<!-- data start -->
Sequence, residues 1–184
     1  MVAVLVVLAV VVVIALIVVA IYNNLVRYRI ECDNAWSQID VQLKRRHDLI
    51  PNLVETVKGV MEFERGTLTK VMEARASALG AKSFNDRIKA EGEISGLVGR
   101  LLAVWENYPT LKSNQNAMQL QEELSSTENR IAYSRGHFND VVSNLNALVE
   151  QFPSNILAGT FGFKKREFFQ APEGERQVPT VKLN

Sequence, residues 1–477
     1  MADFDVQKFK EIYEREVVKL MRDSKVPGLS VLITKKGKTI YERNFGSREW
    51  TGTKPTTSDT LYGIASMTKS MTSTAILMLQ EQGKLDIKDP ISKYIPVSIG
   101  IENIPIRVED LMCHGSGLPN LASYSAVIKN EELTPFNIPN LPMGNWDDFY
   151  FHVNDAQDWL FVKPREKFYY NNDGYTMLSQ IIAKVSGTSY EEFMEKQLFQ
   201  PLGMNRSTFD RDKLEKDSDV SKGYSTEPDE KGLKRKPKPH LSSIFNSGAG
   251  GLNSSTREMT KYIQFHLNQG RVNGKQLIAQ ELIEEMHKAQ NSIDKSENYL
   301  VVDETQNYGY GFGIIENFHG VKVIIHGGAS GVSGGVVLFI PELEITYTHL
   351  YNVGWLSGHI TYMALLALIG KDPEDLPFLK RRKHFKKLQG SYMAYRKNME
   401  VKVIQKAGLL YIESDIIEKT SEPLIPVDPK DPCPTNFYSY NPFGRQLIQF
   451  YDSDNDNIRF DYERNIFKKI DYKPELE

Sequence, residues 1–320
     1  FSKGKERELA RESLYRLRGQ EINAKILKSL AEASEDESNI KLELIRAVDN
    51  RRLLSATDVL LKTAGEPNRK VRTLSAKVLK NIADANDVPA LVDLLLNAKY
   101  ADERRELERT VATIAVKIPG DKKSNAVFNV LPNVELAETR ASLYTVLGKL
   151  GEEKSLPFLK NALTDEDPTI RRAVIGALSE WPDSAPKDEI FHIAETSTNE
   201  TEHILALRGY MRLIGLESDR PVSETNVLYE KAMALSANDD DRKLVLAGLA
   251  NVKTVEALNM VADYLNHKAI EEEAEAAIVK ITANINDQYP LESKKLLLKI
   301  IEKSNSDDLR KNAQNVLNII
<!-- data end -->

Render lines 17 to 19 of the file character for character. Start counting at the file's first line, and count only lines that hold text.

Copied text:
Sequence, residues 1–320
     1  FSKGKERELA RESLYRLRGQ EINAKILKSL AEASEDESNI KLELIRAVDN
    51  RRLLSATDVL LKTAGEPNRK VRTLSAKVLK NIADANDVPA LVDLLLNAKY